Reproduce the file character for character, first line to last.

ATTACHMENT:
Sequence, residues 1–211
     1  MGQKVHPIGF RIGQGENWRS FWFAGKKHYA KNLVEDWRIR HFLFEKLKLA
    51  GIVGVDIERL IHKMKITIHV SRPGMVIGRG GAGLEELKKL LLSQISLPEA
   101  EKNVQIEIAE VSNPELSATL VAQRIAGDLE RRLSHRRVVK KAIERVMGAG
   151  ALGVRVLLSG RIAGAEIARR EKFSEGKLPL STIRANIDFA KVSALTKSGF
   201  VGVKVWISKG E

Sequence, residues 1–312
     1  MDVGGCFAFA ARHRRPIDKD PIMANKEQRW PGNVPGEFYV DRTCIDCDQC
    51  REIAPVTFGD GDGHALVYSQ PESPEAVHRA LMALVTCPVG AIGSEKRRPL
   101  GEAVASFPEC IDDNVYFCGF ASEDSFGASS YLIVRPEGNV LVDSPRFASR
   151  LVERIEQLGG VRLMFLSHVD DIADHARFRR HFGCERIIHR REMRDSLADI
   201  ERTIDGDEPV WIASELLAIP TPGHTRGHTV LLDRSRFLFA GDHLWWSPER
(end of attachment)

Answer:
Sequence, residues 1–211
     1  MGQKVHPIGF RIGQGENWRS FWFAGKKHYA KNLVEDWRIR HFLFEKLKLA
    51  GIVGVDIERL IHKMKITIHV SRPGMVIGRG GAGLEELKKL LLSQISLPEA
   101  EKNVQIEIAE VSNPELSATL VAQRIAGDLE RRLSHRRVVK KAIERVMGAG
   151  ALGVRVLLSG RIAGAEIARR EKFSEGKLPL STIRANIDFA KVSALTKSGF
   201  VGVKVWISKG E

Sequence, residues 1–312
     1  MDVGGCFAFA ARHRRPIDKD PIMANKEQRW PGNVPGEFYV DRTCIDCDQC
    51  REIAPVTFGD GDGHALVYSQ PESPEAVHRA LMALVTCPVG AIGSEKRRPL
   101  GEAVASFPEC IDDNVYFCGF ASEDSFGASS YLIVRPEGNV LVDSPRFASR
   151  LVERIEQLGG VRLMFLSHVD DIADHARFRR HFGCERIIHR REMRDSLADI
   201  ERTIDGDEPV WIASELLAIP TPGHTRGHTV LLDRSRFLFA GDHLWWSPER